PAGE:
In “Our Town,” nothing much ever changes. People fall in love, get married, have children, eventually die. And as Emily discovers near the end of the play: “It goes so fast. We don’t have time to look at one another.”
Thornton Wilder’s elegiac 1938 play offers a glimpse of eternity in the most ordinary circumstances. In the fictional Grover’s Corner, New Hampshire, what appears to be a Currier and Ives-ready scene is actually a blueprint for the cosmos: It’s real life, followed by the afterlife.
For Theatrical Outfit, where artistic director Tom Key is taking his leave after 25 years, “Our Town” is a splendid way to consider the past while contemplating the future. On Friday morning, the playhouse announced that 38-year-old Matt Torney, from Studio Theatre in Washington, D.C., will succeed Key. On Friday night, it opened Key’s final season with “Our Town,” performed by the same 10 actors who will appear in “The Laramie Project,” the second half of an ambitious repertory project that situates the plays side-by-side like bookends.
Directed by David Hyatt Crowe, Wilder’s windswept, Mount Rushmore of a play is nimbly performed, beautifully designed and noble to the core. But until the famous final act, when the newly dead Emily (Maggie Birgel) gets to revisit the world of the living, the story feels plodding. And for all its detailed movement vocabulary, rather immobile, too.
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“Our Town” doesn’t have to read like a delicate museum piece, but in this case, it often does.
Wilder’s plot is a study in economy. George Gibbs (Shaun MacLean) and Emily grow up in such close proximity that they can see one other from their bedroom windows. In Wilder’s minimalist, prop-free vision of his revolutionary drama, this means they stand on ladders, speaking back and forth to one another while they do their homework.
Throughout the story, their parents (Allan Edwards and Maria Rodriguez-Sager as Dr. and Mrs. Gibbs; Jayson Warner Smith and Stacy Melich as Mr. and Mrs. Webb) go about life’s daily rhythms. The milk and the newspaper are delivered in the morning; the families eat their breakfast and go off to school and work. A stage manager (Mary Lynn Owen) narrates the tale, stopping and starting the action as necessary to provide commentary.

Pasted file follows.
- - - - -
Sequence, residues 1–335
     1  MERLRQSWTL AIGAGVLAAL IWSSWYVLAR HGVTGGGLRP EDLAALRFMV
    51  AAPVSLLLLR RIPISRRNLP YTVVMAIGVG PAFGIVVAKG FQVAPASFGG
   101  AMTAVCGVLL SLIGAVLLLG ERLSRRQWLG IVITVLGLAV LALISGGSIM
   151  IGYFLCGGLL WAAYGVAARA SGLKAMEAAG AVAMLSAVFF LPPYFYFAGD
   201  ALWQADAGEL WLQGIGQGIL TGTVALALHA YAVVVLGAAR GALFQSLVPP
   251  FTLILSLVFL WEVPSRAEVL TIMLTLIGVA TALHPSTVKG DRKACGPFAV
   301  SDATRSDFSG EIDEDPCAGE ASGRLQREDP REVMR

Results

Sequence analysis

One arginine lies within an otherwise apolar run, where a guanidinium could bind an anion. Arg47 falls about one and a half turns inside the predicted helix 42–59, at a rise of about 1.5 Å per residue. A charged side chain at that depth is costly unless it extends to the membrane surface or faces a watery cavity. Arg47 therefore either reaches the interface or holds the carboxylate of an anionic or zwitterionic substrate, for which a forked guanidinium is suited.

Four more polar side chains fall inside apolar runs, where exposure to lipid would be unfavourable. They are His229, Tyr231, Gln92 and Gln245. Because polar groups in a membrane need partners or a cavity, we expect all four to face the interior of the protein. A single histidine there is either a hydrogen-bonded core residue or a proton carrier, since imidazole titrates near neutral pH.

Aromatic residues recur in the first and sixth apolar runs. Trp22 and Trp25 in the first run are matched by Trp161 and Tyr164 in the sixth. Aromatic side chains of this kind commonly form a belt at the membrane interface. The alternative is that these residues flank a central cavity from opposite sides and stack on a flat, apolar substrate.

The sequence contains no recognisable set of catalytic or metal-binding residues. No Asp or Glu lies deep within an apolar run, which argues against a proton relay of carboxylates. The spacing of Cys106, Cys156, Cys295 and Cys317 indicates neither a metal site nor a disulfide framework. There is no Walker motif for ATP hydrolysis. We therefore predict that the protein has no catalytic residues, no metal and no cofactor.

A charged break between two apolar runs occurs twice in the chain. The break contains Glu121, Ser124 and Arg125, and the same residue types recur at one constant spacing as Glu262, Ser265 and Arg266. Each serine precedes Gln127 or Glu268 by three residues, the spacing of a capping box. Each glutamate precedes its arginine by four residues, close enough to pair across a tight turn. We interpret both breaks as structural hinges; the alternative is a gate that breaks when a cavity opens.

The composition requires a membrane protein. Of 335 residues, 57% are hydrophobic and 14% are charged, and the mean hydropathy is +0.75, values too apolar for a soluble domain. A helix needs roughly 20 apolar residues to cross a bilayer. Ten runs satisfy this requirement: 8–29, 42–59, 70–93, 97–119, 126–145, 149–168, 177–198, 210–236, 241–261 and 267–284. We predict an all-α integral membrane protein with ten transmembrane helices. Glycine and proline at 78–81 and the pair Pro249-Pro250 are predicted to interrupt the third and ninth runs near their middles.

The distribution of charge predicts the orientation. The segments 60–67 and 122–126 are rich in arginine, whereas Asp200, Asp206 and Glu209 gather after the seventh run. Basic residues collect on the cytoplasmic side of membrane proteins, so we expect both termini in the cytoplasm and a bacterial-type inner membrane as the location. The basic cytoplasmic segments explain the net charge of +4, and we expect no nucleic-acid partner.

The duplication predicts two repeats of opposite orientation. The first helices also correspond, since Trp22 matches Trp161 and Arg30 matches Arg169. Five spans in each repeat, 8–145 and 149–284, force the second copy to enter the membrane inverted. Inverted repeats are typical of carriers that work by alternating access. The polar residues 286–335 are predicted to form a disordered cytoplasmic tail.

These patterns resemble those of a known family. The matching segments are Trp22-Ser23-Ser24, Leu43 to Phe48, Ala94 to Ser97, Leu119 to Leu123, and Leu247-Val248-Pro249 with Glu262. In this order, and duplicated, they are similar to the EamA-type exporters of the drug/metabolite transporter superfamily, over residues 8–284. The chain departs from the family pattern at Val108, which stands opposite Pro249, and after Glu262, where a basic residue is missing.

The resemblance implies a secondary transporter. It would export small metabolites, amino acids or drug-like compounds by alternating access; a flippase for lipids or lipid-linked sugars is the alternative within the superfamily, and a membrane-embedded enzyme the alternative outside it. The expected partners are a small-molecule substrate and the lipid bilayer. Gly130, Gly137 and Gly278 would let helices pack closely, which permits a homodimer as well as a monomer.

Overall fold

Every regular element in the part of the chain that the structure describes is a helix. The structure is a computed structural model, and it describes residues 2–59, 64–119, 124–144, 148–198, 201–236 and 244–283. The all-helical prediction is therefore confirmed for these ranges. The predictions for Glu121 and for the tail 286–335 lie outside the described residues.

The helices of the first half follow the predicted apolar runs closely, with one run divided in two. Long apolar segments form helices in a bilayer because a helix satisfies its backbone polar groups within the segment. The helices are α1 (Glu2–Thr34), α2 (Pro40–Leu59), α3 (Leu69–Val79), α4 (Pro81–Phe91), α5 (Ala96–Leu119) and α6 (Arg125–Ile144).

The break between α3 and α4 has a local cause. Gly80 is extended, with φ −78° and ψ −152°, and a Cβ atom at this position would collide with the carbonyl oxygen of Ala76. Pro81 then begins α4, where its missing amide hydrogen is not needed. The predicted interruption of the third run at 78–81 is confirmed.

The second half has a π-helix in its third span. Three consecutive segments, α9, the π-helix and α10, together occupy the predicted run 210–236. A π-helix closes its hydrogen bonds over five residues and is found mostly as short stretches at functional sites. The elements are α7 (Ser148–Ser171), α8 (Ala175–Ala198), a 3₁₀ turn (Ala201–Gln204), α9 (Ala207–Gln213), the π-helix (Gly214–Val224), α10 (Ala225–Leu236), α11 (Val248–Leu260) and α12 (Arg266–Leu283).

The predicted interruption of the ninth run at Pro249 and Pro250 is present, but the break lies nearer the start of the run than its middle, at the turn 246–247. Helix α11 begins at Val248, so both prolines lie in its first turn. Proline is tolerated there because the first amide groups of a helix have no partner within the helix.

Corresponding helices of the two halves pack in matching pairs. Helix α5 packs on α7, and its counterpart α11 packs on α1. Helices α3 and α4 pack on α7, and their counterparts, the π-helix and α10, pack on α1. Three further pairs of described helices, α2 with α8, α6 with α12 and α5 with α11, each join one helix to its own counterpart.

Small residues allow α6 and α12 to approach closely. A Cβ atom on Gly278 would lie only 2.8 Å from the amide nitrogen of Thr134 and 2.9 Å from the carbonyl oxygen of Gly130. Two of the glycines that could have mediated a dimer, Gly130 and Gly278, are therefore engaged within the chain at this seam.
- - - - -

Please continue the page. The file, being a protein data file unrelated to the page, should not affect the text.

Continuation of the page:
To my mind, Owen never quite soars as the stage manager; it’s in other, smaller parts that her craft really shines. And in the domestic scenes, the miming is so ornate that it clutters space and distracts from the immediacy of the story. Isn’t it supposed to be the other way around?
While Rodriguez-Sager’s Mrs. Gibbs is lovely and pert (notice how she feeds the chickens), Melich’s Mrs. Webb is rather dour. Smith is an actor whose less-is-more approach pays off exponentially, as when his future son-in-law comes for breakfast on his wedding day.
As Simon Stimson, the town drunkard and a church choir director, Michael Hanson doesn’t quite convey the tragedy of his character, on earth or in the grave. But Asia Howard, in a variety of roles, including wedding guest Mrs. Soames, is a delight.
Whatever the production shortcomings, all is not lost. Though there’s a kind of quotidian poetry in the sparseness and simplicity of the tale, the ideas are profound.
Wilder is preoccupied with nothing less than the great paradox: the brevity of earthly existence; the eternity of the hereafter. “We all know that something is eternal,” says the stage manager at the top of Act III. “And it ain’t houses, and it ain’t names, and it ain’t earth, and it ain’t even the stars. … There’s something way down deep that’s eternal about every human being.”
The final bit echoes the myth of Orpheus and Eurydice. (Never look back.) It also recalls Wordsworth’s “Intimations of Immortality” ode, albeit from the point of view of the tomb rather than the womb. Like Matthew Shepard, whose real-life tragedy is the focus of “The Laramie Project,” Emily’s life is far briefer than it should be, but there are great wisdom and insight in her trajectory.
To be certain, Crowe and company deliver a solid take on a classic. It takes a minute, but it does pay off. By design, however, Theatrical Outfit’s “Our Town” and “Laramie Project” are meant to be co-meditations on a common theme. It would be a disservice for me to diss the one before seeing the other. Let’s hope the power and majesty of “Our Town” coalesce, come the second installment of this thoughtful pairing.
7:30 p.m. Thursdays-Saturdays. 2:30 p.m. Saturdays-Sundays. Through Sept. 29. $15-$51. Theatrical Outfit, 84 Luckie St. NW, Atlanta. 678-528-1500, theatricaloutfit.org
Bottom line: A bit slow, but ultimately powerful.
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